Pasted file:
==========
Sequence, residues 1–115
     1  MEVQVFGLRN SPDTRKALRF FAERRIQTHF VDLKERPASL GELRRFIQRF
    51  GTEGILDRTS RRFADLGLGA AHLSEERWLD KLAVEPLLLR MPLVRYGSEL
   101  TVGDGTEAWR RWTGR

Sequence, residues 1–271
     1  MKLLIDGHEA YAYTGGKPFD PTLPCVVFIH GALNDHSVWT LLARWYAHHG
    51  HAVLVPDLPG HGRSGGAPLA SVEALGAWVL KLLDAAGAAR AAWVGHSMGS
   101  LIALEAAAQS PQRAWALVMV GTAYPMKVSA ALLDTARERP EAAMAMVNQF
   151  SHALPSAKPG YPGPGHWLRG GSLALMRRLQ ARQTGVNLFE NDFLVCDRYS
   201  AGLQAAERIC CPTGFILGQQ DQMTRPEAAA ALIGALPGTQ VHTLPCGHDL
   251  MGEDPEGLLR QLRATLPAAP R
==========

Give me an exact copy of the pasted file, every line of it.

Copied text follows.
Sequence, residues 1–115
     1  MEVQVFGLRN SPDTRKALRF FAERRIQTHF VDLKERPASL GELRRFIQRF
    51  GTEGILDRTS RRFADLGLGA AHLSEERWLD KLAVEPLLLR MPLVRYGSEL
   101  TVGDGTEAWR RWTGR

Sequence, residues 1–271
     1  MKLLIDGHEA YAYTGGKPFD PTLPCVVFIH GALNDHSVWT LLARWYAHHG
    51  HAVLVPDLPG HGRSGGAPLA SVEALGAWVL KLLDAAGAAR AAWVGHSMGS
   101  LIALEAAAQS PQRAWALVMV GTAYPMKVSA ALLDTARERP EAAMAMVNQF
   151  SHALPSAKPG YPGPGHWLRG GSLALMRRLQ ARQTGVNLFE NDFLVCDRYS
   201  AGLQAAERIC CPTGFILGQQ DQMTRPEAAA ALIGALPGTQ VHTLPCGHDL
   251  MGEDPEGLLR QLRATLPAAP R